In olden times we had lots of tricks up our sleeves. We would mount negatives on a viewing screen. This is milk-glass illuminated from behind (X-rays are viewed this way). We then took a picture of the negative. The result was a positive suitable for projection. In truly olden times, these were called “lantern slides” because ancient projectors, before electricity, were illuminated using kerosene or gas lamp.
When copying films or prints, the resulting image was likely too contrasty. This is likely because you always lose some of the tonal range when making a copy. We used low-contrast film to mitigate. We had special “copy film”. For color we had “internegative” film. We even had “direct-positive” materials. These made copy slides and copy prints avoiding the internegative step. Let me add that these specialized films and papers delivered optimum quality results.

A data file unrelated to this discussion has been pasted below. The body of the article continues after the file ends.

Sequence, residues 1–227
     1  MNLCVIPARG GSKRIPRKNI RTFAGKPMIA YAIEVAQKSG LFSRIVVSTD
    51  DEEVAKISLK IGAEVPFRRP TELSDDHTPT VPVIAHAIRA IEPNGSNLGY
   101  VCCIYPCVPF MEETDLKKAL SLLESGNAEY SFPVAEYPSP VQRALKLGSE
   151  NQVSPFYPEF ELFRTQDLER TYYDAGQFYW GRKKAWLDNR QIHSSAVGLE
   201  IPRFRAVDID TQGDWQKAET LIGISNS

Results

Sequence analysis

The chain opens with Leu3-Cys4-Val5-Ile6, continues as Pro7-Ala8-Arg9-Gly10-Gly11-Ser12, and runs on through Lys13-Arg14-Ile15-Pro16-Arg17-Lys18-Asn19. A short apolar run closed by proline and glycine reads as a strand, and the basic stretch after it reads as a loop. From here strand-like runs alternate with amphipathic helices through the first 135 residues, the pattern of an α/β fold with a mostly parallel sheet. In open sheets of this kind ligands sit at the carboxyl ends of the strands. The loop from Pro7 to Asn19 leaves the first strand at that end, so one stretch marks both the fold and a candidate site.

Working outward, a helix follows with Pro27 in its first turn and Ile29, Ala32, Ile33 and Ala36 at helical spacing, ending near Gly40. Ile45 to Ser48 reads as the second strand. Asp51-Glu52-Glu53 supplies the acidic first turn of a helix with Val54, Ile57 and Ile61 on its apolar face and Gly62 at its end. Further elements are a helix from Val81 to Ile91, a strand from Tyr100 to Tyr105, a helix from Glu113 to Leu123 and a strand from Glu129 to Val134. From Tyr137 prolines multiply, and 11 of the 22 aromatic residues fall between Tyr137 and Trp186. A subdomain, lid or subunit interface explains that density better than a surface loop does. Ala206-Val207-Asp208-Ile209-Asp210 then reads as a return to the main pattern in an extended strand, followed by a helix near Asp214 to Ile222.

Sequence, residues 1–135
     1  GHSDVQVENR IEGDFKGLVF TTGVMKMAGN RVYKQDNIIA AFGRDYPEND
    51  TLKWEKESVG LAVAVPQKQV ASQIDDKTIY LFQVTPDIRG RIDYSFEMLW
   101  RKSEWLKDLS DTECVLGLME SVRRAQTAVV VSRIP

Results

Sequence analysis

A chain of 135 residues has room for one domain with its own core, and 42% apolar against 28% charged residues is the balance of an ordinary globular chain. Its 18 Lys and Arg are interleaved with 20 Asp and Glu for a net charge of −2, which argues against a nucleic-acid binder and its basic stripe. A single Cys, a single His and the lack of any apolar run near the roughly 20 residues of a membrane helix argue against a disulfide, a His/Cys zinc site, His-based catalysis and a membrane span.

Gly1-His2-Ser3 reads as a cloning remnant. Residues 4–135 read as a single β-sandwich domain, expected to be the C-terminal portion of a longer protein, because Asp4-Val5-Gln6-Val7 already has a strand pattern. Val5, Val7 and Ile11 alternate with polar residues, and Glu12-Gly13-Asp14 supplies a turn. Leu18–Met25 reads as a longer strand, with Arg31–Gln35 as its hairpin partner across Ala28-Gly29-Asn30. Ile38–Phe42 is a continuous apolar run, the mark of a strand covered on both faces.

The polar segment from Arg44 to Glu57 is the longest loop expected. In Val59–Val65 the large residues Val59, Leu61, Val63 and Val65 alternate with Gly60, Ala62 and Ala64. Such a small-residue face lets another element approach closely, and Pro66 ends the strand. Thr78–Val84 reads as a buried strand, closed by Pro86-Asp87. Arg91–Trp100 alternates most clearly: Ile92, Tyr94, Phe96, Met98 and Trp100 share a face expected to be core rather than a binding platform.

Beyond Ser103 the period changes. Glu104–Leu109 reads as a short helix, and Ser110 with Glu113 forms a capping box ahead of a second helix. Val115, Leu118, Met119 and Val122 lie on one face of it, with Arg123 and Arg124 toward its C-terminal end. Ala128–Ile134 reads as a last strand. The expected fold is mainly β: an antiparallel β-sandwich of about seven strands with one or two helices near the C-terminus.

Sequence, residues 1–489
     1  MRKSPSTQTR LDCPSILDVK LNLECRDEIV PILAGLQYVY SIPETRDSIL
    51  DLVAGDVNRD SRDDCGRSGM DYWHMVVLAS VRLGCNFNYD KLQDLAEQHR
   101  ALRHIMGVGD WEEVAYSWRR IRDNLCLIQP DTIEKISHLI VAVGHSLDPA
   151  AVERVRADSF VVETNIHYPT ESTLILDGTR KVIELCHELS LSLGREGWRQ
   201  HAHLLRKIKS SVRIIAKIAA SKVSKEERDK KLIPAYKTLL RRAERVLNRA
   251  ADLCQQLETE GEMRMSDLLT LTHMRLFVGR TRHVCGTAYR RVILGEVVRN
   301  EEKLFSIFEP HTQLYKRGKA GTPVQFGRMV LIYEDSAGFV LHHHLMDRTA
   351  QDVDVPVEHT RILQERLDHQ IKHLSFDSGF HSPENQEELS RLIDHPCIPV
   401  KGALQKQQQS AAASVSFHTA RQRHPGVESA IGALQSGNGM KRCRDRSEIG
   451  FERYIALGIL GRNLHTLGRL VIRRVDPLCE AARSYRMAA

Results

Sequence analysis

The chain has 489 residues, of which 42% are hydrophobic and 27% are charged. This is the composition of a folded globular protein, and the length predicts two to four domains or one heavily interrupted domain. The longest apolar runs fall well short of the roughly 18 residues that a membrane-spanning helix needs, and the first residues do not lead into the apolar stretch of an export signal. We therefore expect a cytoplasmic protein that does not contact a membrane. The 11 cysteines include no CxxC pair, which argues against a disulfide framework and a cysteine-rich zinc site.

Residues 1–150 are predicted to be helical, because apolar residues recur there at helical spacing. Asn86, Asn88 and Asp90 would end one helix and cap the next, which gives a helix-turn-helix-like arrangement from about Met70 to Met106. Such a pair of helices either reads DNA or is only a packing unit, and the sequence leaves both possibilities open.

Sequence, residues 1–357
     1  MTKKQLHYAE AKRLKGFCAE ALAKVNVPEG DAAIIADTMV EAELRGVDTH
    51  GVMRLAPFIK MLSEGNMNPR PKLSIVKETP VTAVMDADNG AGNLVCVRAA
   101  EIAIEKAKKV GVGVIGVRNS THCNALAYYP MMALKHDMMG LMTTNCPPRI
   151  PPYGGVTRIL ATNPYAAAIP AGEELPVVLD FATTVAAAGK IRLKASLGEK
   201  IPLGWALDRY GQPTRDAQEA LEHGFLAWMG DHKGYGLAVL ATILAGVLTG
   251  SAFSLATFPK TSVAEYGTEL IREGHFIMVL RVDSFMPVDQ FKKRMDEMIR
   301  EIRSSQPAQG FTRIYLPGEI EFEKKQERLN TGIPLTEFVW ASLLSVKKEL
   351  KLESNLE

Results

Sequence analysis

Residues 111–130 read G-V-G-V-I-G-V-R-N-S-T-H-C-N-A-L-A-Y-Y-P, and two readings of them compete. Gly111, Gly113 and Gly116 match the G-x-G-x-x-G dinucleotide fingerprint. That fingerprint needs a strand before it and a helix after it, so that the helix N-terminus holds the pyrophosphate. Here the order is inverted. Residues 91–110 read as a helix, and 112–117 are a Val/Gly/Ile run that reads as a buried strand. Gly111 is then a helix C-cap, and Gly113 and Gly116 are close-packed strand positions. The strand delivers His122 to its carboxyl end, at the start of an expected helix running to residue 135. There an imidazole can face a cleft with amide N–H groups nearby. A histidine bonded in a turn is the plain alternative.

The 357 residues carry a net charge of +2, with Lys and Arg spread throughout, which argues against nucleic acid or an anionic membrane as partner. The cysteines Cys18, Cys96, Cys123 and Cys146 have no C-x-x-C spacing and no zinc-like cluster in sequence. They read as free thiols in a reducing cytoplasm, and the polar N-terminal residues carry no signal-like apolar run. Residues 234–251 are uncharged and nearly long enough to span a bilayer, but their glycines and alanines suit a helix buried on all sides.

In a pinch, we used ordinary film to make copies. Today, you can image prints or slides or negatives via the camera or by scanning and using available software to make positive or negative images. Today it’s laid-back; in olden time it was a coup to make faithful copies or reversals.